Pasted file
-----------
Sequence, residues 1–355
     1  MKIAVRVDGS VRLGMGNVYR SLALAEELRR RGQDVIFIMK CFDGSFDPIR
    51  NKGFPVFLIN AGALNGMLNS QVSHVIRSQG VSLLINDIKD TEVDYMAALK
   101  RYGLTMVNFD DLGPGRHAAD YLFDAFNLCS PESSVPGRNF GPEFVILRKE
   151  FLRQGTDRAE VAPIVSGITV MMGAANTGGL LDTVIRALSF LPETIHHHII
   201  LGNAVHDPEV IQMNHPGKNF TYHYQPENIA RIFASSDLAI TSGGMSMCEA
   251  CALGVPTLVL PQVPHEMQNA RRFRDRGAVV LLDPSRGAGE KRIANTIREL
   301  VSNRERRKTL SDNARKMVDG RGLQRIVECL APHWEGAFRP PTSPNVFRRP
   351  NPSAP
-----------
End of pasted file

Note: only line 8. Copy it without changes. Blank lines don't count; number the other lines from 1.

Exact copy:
   301  VSNRERRKTL SDNARKMVDG RGLQRIVECL APHWEGAFRP PTSPNVFRRP